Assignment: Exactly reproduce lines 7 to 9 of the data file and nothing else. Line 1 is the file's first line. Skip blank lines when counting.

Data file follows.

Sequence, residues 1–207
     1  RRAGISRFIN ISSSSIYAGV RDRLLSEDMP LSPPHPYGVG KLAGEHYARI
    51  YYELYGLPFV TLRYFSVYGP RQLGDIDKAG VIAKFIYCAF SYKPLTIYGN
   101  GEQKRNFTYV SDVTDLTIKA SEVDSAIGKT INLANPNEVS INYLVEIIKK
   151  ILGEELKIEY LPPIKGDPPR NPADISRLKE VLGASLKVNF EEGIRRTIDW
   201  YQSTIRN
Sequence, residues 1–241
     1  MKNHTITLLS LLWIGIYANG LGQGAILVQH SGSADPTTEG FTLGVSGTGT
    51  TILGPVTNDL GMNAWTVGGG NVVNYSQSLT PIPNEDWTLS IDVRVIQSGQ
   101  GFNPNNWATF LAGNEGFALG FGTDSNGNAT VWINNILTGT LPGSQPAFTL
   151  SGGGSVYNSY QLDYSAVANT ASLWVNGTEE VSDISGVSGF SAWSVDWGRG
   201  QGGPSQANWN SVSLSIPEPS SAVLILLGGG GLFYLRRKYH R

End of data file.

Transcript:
Sequence, residues 1–241
     1  MKNHTITLLS LLWIGIYANG LGQGAILVQH SGSADPTTEG FTLGVSGTGT
    51  TILGPVTNDL GMNAWTVGGG NVVNYSQSLT PIPNEDWTLS IDVRVIQSGQ